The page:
- I love to read, write, play pool & help others. I love being with my 3 blessings! I have a gorgeous daughter, Meggan~23 and 2 handsome sons. Brian~20 and Joshua~16. I wouldn't be anything without my babies. They're my greatest accomplishment! I pray my words, pictures, and what I post about give you encouragement and help inspire you to love deeper and believe there is a life out there for you. You need to have faith and believe in YOU.I married a Soldier so I was a Military Wife for 17 yrs. and now we're divorced. I am part German, Irish, English, and Ukraine. Trying to focus on my writing. I'm working on my Memoir and Suspense Romance Novels. I want my story of abuse and my addictions to help other woman and teens. I went through a lot of trauma growing up and still found joy and I know you can too!
Thursday, April 2, 2015
extroverts, it’s us again, the introverts.
9 Rules for Being with us introverts
You know, those quiet friends of yours who listened to your tearful story about the fight you had with your boyfriend — without interrupting even once? Those friends who let you be the center of attention at every party — and don’t try to steal the spotlight?
We want to say upfront that we introverts really like being friends with you extroverts. You pull us out of our introverted bubble, and you get us to do things we probably wouldn’t do on our own.
Without you, we’d probably spend every weekend in our pajamas watching Netflix, only making contact with another human when we open the front door to the Jimmy John’s delivery guy.
We usually have a good time when we’re hanging out with you. When you’re around, we don’t have to do the heavy lifting to make conversation happen.
One minute we’re shut off from the world writing fan fiction for Harry Potter in our heads. Then you come along, and suddenly we’re laughing and having fun and comfortably opening up about ourselves. How do you do that?
We’ve never sat down to talk about this, and that’s probably our fault, because we don’t really like to sit down and talk about anything. But to make our lives easier — and to avoid confusion and misunderstanding for you — there are a few rules we think all extroverts should abide by when they’re friends with introverts:
We get it. Sometimes things happen spontaneously. But spontaneity should be the exception, not the rule. We need waaaay more than 10 minutes to mentally prepare ourselves to be with people. The amount of time needed for that mental preparation varies from introvert to introvert, but a good rule of thumb is to ask at least a day in advance.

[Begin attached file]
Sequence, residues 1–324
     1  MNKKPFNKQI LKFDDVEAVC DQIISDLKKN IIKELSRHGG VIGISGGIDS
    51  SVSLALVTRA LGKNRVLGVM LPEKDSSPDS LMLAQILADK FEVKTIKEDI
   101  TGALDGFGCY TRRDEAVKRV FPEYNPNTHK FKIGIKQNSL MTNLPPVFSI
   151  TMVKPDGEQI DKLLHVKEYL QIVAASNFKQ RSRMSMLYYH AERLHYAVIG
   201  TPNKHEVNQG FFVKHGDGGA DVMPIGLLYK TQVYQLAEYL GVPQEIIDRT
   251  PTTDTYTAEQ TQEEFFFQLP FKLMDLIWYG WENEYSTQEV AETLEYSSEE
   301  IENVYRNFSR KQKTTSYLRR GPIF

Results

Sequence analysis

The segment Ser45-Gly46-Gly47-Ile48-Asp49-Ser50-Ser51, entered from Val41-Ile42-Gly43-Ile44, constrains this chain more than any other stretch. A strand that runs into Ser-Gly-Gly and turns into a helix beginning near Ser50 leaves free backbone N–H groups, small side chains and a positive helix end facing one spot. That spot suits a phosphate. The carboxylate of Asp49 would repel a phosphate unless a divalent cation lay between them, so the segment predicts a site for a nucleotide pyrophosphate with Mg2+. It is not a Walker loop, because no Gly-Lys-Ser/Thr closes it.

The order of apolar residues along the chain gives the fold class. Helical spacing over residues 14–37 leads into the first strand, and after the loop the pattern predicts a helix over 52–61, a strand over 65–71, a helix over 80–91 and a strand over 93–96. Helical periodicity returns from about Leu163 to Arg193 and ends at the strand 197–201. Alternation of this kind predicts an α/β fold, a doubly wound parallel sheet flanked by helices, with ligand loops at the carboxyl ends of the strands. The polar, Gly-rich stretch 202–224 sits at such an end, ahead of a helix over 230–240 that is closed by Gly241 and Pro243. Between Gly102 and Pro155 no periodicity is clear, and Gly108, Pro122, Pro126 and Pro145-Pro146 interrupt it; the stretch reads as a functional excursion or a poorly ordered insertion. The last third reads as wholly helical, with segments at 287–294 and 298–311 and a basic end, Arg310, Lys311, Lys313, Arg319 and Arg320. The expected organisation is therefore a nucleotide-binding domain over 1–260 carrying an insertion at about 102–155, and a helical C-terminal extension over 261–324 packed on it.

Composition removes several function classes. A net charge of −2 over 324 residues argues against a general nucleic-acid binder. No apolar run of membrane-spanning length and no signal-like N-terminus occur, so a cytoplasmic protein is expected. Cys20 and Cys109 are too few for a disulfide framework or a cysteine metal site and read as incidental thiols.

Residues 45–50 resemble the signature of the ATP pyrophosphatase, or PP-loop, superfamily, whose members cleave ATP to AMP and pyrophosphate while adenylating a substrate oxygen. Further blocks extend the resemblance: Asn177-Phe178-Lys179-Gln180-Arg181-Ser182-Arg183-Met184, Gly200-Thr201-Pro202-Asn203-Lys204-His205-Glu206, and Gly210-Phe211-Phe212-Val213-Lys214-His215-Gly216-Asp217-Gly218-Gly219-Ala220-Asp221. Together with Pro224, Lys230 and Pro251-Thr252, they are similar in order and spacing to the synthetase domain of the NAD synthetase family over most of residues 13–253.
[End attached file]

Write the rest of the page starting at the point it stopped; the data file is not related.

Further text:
No offense, but we need time to recharge after being with people. Even when we have fun, socializing is still draining.
We do better one-on-one. A crowd of people means we’ll probably clam up and fade into the background all night. Plus, it’s a little hurtful when we feel like we’re just another warm body in your extrovert entourage. If we’re friends with you, it means you really mean something to us. We have a tiny inner circle of friends, and we don’t let in just anyone. We agreed to hang out because we want to spend time with you.
This goes back to that whole “we need to be mentally prepared to see people” thing.
If we say we want to leave the party because we’re tired, it might not mean we’re literally having trouble keeping our eyes open. We might just be “tired” of being surrounded by people.
We care, and one thing we can offer you is our superpower of listening. But this doesn’t mean you should launch into a monologue that lasts 20 minutes — even we have our limits. If we’re not saying anything, it probably means we’re processing what you’ve said — and that isn’t necessarily an invitation to keep talking.
For our own mental sanity, sometimes we need to completely disconnect from people in every way. We promise, once we’ve had time to ourselves to recharge, we’ll answer your text and be the friend you need.
We hate talking on the phone. We’re pretty sure texting was invented by introverts who wanted to avoid all phone calls forever.
So let us. And show some respect by not texting us 12 times with the intention of making us feel guilty or trying to change our mind.